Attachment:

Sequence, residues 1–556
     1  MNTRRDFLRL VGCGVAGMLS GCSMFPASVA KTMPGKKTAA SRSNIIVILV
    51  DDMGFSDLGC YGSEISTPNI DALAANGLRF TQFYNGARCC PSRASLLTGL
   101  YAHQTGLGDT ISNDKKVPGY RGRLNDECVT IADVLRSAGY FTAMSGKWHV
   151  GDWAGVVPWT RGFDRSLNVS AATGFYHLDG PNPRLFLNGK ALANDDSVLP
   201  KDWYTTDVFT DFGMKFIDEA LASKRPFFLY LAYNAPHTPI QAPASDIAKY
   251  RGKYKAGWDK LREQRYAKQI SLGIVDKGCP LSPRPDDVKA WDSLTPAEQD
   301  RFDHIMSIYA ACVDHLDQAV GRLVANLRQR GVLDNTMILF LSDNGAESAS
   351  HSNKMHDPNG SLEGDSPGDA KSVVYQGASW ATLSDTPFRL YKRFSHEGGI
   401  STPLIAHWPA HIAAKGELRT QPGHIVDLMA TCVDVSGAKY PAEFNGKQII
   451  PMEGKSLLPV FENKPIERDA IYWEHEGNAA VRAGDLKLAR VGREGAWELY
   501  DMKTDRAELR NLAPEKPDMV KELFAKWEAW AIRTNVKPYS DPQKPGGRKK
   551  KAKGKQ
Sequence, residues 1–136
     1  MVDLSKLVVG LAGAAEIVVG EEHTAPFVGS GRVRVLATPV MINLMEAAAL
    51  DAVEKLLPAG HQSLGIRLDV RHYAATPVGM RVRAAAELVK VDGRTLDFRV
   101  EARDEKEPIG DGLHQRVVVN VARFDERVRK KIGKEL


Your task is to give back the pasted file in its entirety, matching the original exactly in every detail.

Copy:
Sequence, residues 1–556
     1  MNTRRDFLRL VGCGVAGMLS GCSMFPASVA KTMPGKKTAA SRSNIIVILV
    51  DDMGFSDLGC YGSEISTPNI DALAANGLRF TQFYNGARCC PSRASLLTGL
   101  YAHQTGLGDT ISNDKKVPGY RGRLNDECVT IADVLRSAGY FTAMSGKWHV
   151  GDWAGVVPWT RGFDRSLNVS AATGFYHLDG PNPRLFLNGK ALANDDSVLP
   201  KDWYTTDVFT DFGMKFIDEA LASKRPFFLY LAYNAPHTPI QAPASDIAKY
   251  RGKYKAGWDK LREQRYAKQI SLGIVDKGCP LSPRPDDVKA WDSLTPAEQD
   301  RFDHIMSIYA ACVDHLDQAV GRLVANLRQR GVLDNTMILF LSDNGAESAS
   351  HSNKMHDPNG SLEGDSPGDA KSVVYQGASW ATLSDTPFRL YKRFSHEGGI
   401  STPLIAHWPA HIAAKGELRT QPGHIVDLMA TCVDVSGAKY PAEFNGKQII
   451  PMEGKSLLPV FENKPIERDA IYWEHEGNAA VRAGDLKLAR VGREGAWELY
   501  DMKTDRAELR NLAPEKPDMV KELFAKWEAW AIRTNVKPYS DPQKPGGRKK
   551  KAKGKQ
Sequence, residues 1–136
     1  MVDLSKLVVG LAGAAEIVVG EEHTAPFVGS GRVRVLATPV MINLMEAAAL
    51  DAVEKLLPAG HQSLGIRLDV RHYAATPVGM RVRAAAELVK VDGRTLDFRV
   101  EARDEKEPIG DGLHQRVVVN VARFDERVRK KIGKEL